Large share of grads from some high schools require remediation at Sacramento State is an article in today’s Sacramento Bee that highlights the large percentages of high school graduates who are required to take remediation classes at Sacramento State University.
Our school, Luther Burbank High School, is targeted for having a higher percentage of graduates being required to take these courses than another other local school.
Various “experts” claim the reasons behind this including lack of collaboration between colleges and high schools and inadequate information about the expectations of college, and suggest that the Common Core Standards will somehow help this problem.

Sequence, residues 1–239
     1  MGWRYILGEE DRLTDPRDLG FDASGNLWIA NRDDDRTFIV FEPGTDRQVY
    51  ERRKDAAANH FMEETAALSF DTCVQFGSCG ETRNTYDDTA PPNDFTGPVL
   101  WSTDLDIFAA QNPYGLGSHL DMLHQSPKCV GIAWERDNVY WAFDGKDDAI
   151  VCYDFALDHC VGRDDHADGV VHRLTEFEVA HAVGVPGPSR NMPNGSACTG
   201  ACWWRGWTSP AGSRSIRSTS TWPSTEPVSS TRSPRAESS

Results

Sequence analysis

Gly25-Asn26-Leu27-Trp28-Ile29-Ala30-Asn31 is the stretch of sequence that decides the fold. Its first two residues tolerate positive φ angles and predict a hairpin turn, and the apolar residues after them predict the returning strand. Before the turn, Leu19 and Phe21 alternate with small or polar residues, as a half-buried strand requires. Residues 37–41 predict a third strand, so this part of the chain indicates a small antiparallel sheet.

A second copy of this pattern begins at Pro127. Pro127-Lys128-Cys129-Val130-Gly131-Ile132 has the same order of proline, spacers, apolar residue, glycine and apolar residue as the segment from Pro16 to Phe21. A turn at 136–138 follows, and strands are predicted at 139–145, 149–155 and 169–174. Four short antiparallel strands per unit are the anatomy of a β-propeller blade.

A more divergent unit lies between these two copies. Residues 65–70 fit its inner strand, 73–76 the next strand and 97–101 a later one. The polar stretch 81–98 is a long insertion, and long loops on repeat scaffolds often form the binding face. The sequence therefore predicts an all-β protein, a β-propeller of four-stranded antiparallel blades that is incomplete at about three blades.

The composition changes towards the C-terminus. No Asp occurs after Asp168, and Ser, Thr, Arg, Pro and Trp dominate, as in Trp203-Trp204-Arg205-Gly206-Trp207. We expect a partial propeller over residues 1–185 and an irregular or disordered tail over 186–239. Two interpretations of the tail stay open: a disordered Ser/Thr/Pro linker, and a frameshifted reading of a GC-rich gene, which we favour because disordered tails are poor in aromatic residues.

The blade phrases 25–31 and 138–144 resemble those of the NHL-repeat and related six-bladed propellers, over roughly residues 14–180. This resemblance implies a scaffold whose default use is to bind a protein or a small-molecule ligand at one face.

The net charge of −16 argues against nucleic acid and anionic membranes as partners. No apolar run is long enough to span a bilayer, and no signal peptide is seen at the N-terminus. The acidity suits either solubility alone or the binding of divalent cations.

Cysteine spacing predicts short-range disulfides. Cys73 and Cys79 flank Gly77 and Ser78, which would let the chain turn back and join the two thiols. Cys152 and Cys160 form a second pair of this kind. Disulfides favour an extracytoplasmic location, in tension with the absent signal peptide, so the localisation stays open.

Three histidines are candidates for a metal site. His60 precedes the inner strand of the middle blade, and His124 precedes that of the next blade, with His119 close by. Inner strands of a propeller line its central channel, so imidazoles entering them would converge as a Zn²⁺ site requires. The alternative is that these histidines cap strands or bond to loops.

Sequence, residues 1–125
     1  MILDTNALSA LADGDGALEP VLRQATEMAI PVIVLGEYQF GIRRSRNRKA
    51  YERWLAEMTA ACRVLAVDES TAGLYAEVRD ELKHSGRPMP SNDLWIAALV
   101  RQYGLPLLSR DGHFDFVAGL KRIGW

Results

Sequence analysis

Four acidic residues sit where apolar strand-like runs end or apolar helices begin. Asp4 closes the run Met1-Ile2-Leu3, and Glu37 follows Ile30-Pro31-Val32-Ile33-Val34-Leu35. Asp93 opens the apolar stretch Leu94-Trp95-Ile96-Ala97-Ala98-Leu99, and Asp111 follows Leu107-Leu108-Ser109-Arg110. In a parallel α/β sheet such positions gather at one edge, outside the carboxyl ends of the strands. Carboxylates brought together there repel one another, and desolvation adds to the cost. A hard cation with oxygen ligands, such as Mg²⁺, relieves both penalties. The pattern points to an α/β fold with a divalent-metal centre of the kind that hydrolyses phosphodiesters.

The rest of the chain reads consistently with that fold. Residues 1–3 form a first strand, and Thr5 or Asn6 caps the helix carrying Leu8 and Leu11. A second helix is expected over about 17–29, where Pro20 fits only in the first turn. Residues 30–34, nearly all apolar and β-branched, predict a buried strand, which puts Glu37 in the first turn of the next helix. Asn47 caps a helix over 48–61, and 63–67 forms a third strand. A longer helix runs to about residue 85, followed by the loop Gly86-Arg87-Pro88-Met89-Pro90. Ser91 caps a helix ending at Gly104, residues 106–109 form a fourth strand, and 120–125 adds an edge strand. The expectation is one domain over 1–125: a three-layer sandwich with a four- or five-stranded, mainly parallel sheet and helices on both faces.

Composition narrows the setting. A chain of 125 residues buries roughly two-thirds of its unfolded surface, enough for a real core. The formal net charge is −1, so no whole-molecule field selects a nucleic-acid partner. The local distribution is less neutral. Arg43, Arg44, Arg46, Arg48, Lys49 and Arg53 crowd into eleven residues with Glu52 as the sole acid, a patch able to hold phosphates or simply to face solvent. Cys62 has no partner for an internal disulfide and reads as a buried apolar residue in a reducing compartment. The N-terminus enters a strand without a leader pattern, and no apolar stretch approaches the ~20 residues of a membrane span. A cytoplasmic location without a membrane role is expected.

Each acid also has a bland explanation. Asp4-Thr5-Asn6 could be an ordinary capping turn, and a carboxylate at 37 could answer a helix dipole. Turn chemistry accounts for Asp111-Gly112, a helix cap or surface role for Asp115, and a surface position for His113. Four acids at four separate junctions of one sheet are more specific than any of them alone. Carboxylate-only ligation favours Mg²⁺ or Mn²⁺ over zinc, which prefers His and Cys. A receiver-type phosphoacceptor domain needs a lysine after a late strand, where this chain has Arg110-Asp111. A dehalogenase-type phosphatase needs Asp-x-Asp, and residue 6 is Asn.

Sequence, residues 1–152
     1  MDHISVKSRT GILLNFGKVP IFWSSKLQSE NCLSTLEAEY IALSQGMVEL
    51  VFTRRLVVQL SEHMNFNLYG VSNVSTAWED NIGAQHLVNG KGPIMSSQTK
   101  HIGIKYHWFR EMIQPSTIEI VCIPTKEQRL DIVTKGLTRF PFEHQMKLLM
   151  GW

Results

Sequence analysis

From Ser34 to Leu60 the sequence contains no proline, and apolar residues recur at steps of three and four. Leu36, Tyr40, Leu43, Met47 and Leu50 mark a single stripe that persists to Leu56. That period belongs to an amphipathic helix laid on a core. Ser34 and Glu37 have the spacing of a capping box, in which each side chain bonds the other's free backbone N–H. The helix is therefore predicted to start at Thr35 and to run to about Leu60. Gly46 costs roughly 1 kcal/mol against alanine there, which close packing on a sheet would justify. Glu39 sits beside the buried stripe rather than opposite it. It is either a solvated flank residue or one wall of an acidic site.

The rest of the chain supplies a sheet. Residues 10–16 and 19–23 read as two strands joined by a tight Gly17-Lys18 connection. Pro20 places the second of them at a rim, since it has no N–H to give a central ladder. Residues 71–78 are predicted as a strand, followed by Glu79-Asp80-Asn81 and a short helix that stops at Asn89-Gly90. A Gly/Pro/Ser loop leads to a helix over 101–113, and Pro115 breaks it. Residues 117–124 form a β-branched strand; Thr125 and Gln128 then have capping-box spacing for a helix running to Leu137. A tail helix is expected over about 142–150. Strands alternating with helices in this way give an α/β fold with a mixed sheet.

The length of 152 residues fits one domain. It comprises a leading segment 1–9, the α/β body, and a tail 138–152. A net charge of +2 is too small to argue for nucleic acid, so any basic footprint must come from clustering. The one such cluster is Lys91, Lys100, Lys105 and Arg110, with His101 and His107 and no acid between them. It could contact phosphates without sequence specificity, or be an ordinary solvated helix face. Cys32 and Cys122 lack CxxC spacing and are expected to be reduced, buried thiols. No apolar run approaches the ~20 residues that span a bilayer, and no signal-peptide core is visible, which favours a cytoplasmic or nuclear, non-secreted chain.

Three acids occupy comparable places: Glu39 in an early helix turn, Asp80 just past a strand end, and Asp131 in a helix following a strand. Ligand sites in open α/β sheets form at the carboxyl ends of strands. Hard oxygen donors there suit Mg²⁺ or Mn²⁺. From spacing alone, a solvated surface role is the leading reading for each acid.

Fortunately, our principal is able to inject the one piece of common sense and accuracy into the over-simplified analyses offered by others quoted in the article:
The problem often starts well before high school, said Principal Jim Peterson. Burbank faces additional challenges, as 72 percent of its 1,776 students are considered low-income, and about a quarter were English learners last year.
“In the case of our school, demographically, a lot of our students … come to us below grade level,” Peterson said. “We work diligently as a team to get them thinking about college and get them moving in that direction. We push rigor in the classroom; nevertheless, we have kids that need some catching up.”